CHURCH-going in Australian society has changed and the churches have to respond.
It is no longer a feature of our culture that a church is one of the first community buildings people wish to see erected, so they might give thanks to God, pray, learn about their faith and share in ritual actions of profound meaning.
Though the majority of Australians still identify themselves as Christians in the census, very few of them go to church each Sunday. And they might come fortnightly or monthly, rather than weekly.
Changes in the way we commute and shop mean that people will drive to a church that engages them, bypassing buildings in easy walking distance.
Most people are less willing to sit on rough benches with an open window and a toilet out the back, preferring more comfortable surroundings.
Once, the church facilities were at the heart of the local community life – the hall was filled with music and dance and the grounds were used for tennis and sport.
With all of this, the Anglican Church knows that it has a vital contribution to make to Australian society. Many people want to pray, reflect and be guided by God in their daily living.
They are pleased to see visible reminders of Christian presence in well-maintained church buildings. They look to the church to serve the local community – especially the needy.
And despite deep concern about the church failing to practise what it preaches, people want the church to speak about the values and ethics of Christianity in public debate.
It is often not known that each Anglican parish must generate the income it needs to meet expenses.
The majority of funding comes from generous giving by parishioners, supplemented by fund-raising and endowments that often result from the generosity of past parishioners.
Over the 2012-13 calendar years, insurers of church buildings have raised the premiums by 43.75per cent.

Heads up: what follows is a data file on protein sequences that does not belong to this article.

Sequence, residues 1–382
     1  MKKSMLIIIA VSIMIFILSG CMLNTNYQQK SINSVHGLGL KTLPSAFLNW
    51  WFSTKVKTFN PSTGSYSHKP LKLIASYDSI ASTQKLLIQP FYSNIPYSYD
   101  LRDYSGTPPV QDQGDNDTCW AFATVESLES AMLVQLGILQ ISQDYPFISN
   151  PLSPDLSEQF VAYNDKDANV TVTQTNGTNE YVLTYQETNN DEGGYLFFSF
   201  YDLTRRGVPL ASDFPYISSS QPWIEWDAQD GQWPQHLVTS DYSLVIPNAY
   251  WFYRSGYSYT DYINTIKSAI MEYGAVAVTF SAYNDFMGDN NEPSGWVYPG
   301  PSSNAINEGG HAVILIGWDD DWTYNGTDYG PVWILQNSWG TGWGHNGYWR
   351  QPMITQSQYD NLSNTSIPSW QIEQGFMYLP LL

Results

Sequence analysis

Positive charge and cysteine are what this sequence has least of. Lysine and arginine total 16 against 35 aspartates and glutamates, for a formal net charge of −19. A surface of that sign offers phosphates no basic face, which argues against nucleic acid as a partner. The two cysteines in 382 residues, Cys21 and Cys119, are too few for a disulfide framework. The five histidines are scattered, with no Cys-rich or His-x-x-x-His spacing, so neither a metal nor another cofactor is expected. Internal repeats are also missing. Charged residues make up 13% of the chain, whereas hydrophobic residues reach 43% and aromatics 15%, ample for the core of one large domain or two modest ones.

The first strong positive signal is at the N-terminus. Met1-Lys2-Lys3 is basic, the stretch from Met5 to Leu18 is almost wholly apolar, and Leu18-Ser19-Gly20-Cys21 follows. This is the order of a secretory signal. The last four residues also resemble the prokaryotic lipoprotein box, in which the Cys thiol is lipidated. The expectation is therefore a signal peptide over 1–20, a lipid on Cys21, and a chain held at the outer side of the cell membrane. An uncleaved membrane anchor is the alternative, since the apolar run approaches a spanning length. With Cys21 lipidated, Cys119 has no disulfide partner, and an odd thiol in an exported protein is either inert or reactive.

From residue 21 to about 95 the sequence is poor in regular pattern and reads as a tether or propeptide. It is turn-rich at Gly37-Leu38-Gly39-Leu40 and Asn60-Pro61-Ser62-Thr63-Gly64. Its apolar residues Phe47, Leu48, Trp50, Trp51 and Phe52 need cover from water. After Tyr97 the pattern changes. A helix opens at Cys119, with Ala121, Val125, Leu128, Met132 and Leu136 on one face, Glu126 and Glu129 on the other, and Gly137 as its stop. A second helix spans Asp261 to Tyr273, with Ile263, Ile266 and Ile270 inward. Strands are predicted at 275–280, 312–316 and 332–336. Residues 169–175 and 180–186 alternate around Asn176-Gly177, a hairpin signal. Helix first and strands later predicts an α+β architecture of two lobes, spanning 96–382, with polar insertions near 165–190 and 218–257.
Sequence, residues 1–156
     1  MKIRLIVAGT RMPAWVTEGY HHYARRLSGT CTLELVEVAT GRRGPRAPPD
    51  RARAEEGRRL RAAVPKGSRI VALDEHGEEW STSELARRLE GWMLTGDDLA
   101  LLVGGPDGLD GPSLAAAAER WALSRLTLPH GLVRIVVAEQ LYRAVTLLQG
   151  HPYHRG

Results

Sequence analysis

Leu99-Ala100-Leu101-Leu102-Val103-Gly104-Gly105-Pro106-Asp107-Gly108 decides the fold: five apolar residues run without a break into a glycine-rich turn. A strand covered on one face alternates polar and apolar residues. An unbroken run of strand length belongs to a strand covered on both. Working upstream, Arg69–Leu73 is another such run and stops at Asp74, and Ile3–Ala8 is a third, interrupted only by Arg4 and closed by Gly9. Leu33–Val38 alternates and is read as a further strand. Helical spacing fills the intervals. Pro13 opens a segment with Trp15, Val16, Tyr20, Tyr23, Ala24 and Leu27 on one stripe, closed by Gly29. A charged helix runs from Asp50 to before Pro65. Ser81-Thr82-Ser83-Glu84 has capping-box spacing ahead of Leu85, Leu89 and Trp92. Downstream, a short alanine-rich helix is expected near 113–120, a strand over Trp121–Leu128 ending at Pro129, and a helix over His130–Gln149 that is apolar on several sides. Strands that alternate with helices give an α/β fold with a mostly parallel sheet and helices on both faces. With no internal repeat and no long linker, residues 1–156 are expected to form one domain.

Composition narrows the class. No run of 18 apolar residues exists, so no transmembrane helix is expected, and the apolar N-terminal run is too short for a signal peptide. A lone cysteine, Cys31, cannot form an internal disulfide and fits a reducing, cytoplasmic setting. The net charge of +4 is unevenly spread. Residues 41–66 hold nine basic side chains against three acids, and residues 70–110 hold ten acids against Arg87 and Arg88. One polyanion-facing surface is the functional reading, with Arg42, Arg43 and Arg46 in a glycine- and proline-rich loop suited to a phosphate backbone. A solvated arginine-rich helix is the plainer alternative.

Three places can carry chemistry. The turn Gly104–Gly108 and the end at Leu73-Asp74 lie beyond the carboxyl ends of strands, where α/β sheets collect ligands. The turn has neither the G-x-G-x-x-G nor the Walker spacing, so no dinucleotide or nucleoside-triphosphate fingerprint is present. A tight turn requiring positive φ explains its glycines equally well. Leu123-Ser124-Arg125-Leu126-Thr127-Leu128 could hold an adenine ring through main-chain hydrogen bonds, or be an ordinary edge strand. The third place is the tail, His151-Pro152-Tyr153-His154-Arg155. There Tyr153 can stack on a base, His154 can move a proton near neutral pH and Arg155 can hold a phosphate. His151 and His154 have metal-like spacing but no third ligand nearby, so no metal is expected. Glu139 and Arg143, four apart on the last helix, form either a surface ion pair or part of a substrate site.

The changes to work, health and safety legislation have turned almost every parish site into a workplace, with every volunteer a worker.
This has meant a careful review of facilities to ensure legal compliance. Developments to buildings often result in 21st-century parking requirements being placed on sites acquired and first used much earlier.
With the Global Financial Crisis, reduced interest rates have understandably affected the capacity of self-funded retirees to assist their parish.
It has also eaten into endowment returns.
These factors have highlighted for us the precarious nature of some of our parishes.
Over the past decade, the Anglican Diocese of Newcastle has sought to adapt its work to its changed circumstances. Among the most significant changes in recent years has been the creation of a cohort of trained volunteer clergy, who work alongside the paid clergy and mobilised lay leadership.
These changes have expanded the opportunity for traditional pastoral ministries and promoted an innovative mindset within parishes.
Another significant change has been the fostering of various styles of weekend gathering.
As a result, Anglicans – who like to gather in congregations where they can get to know everyone – have greater choice.
We have available to us now, more than ever before, high-quality research from the United States, England and Australia that can inform our thinking. We know that parishes that have grown are those that have embraced change.
We know the parishes that have seen their attendances decline for longer must undertake more radical change or face continued decline.
Given the issues facing the Anglican Church, the parishes in Newcastle city are being asked whether it is timely to embrace some forms of strategic change.
Despite reports to the contrary, clergy and elected parish leaders have been involved in consultation and conversation from the early stages.
They are being asked to consider whether selling a site and using the proceeds to enhance another site would be a good idea.
They are being asked to discuss whether a community has changed so much that the best way of serving it would be through a church building in an adjacent suburb. Later in the year, most likely after the next bishop has been elected, the review group will present a report with recommendations that will then be up for further discussion.
It has been my experience as a bishop that parishioners want a vibrant expression of Anglican Christianity well into the future. They do find it challenging when a place that is their spiritual home is included in the discussion, but lovingly pray how they can make things work so that future generations may know God.
Our parishioners are amazing. I am confident that as an Anglican community we can hear the issues, hear the voices and come up with holy strategies that serve God and the people of Newcastle.
Bishop Peter Stuart has been a bishop in Newcastle since February 2009 and is administrator of the diocese while it is going through the process of electing a new diocesan bishop.